In the decades between 1910 and 1950, Werner Heisenberg and Erwin Schrödinger made the world of physics a murky place when they helped to establish the foundations of quantum mechanics, a fundamental and now widely accepted branch of physics.
As in physics, the financial world has a gaggle of mini-Schrödingers in the form of analysts who are always peeking into the future. And, much like some early discoveries in physics had devastating consequences, such as the invention of the atomic bomb, analyst observations can also cause serious chain reactions in a stock. In this article we will look at how analyst observations affect stocks.
Schrödinger is perhaps the most famous feline murderer in history. The truth is, Schrödinger never actually killed a cat - he just imagined killing one. The thought experiment involved locking a cat in an iron container with a beaker of poison and a trigger (radioactive material) that had a 50% chance of going off. Until you peeked into the box, you had to consider the cat both alive and dead when you made your calculations. One of the implications was that the observer affected the experiment by being part of it.
When analysts make their market predictions yearly, monthly and even daily, they are putting a given security into position that is as perilous as that of Shrodinger's cat. Unlike the radioactive particles, analysts' forecasts vary, and there is margin of error in how close a stock comes to an analyst's predictions and/or by how much it exceeds them. In an ideal world, a stock that surpasses an analyst's prediction would be rewarded accordingly, whereas a stock that fell short would suffer in proportion to its failure. But this is not the case. The type of stock for which the earnings forecast is made heavily influences the effect of analysts' predictions.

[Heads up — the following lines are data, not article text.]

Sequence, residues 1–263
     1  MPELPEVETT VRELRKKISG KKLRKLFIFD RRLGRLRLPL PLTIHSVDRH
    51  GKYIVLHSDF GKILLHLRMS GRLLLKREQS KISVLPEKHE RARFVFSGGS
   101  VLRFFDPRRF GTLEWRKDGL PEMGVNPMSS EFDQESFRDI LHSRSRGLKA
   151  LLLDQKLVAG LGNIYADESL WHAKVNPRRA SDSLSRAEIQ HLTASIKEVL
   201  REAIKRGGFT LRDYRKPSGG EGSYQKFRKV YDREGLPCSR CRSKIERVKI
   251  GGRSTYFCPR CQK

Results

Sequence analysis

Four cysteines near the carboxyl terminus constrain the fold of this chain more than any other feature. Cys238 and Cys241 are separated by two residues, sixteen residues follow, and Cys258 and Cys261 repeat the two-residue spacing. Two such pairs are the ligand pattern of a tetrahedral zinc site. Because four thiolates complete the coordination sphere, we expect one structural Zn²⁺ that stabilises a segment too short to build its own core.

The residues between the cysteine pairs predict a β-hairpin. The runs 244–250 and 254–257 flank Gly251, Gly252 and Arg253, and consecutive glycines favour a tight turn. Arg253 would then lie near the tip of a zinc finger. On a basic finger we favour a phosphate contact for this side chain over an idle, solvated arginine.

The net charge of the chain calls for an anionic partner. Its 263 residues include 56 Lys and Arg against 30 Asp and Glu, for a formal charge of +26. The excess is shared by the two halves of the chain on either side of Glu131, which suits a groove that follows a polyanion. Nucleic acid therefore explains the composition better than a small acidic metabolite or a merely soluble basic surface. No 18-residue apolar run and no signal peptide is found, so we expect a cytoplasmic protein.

Growth stocks are analysts' favorite target and the area where they do the most damage. In theory, a growth stock that meets its expectations or exceeds them should see positive results in the value of its stock. The reality is that growth stocks gain very little benefit by exceeding expectations because it is generally believed that they are supposed to. This starts a dangerous cycle as analysts continue to raise the bar according to these new expectations.
Worse yet, a growth stock that fails to meet earnings expectations isn't merely given a slap on the wrist as might be expected with falling a few percent short, but is instead summarily executed. This is largely due to the fact that growth stocks are trading at high multiples of earnings. Investors who buy these stocks believe that growth stocks will repay them by earning more and more in the future. Analysts then provide the measure by which investors check if their faith in a stock is justified, giving them the ability to shoot down a stock when it falls below the benchmark they've set.
In contrast, value stocks are often bulletproof when it comes to analysts' forecasts. They are helped a little when they exceed expectations, but falling short rarely has much effect. There are many reasons for this: they trade at low multiples of earnings, the majority of investors in value stocks tend to buy and hold rather than trade, investor expectations are lower for value stocks and are already reflected in the share prices, and so on. An investor in value stocks can do well by buying when the stock fails to meet earnings forecasts and selling when it exceeds them.
Who's at fault?
So whose fault is it when a stock, particularly a growth stock, is punished? The future is an unruly creature that tends to bucks more the tighter one tries to rein it in. By taking the current data that accountants provide and trying to weave it into some picture of the future, analysts are doing the company a disservice by pretending to remove uncertainty from the equation.
Growth stocks can become slaves to the overly optimistic predictions of analysts to the point where a good company, through the enthusiasm of investors spurred by analysts, watches its stock become disconnected from its current operations and linked to some future version of itself. Then the choice is whether to disappoint investors and cause a correction, or expand rapidly, and often recklessly, to realize the destiny that the analysts have mapped out, driving the bar up again.
The Bottom Line
Analysts' predictions exist because traders demand them. The actions traders take based on these predictions reinforce the utility of analysts. Although the actions of analysts have little impact on the investment strategies of value investors, they are essential for the more active investors. Analysts provide an opportunity for traders to profit from the uncertainty their predictions (and the traders' reactions to those predictions) help exacerbate. For the companies represented by the growth stocks that analysts watch, analysts are sometimes akin to gun-wielding bandits telling them to shut up and get inside the box.